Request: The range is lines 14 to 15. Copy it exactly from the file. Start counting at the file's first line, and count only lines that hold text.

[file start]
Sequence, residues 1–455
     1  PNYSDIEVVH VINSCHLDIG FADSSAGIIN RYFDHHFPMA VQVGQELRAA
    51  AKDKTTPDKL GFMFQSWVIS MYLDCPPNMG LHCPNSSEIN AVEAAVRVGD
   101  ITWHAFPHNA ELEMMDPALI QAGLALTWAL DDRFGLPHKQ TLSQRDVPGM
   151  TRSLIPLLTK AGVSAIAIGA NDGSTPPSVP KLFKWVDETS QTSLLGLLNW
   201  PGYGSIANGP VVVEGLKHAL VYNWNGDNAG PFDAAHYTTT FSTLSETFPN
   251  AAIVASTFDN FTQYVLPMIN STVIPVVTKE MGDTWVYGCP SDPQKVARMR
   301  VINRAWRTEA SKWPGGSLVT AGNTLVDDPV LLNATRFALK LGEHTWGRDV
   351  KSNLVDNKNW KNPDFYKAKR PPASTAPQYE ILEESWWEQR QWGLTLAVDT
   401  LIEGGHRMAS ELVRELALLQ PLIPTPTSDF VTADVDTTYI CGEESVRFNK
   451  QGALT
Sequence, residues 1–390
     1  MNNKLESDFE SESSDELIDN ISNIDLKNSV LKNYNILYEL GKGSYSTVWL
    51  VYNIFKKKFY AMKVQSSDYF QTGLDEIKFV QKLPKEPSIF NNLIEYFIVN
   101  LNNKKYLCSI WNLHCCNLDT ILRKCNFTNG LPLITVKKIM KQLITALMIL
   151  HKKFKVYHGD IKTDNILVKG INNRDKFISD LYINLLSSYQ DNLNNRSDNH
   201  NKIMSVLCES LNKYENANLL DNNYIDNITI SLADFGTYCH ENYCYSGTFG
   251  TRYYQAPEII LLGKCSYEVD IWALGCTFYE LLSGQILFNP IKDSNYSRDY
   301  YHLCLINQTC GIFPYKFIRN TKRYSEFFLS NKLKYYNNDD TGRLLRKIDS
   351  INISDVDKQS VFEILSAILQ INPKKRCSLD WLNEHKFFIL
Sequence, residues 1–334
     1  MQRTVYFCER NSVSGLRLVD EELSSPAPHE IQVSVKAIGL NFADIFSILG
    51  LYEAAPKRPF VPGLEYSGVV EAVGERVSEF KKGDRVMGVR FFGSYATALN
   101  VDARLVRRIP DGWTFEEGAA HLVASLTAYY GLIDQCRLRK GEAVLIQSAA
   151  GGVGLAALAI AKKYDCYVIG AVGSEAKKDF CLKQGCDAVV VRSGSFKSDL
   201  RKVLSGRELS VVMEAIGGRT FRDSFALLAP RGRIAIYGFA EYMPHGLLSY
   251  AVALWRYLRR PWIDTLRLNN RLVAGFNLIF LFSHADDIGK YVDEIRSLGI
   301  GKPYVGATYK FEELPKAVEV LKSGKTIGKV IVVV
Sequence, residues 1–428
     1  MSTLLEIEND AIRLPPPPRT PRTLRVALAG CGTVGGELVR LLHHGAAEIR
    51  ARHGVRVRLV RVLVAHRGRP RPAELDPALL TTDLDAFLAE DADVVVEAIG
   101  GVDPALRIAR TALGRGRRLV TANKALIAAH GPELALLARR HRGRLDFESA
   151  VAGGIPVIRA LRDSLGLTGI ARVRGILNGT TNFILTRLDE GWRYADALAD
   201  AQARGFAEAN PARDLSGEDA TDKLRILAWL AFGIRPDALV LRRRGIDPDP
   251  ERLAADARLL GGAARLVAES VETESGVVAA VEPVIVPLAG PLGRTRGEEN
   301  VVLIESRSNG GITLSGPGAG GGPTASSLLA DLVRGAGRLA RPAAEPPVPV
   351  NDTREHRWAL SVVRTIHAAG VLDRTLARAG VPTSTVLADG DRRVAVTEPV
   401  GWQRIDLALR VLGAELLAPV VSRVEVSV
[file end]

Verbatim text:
    51  VYNIFKKKFY AMKVQSSDYF QTGLDEIKFV QKLPKEPSIF NNLIEYFIVN
   101  LNNKKYLCSI WNLHCCNLDT ILRKCNFTNG LPLITVKKIM KQLITALMIL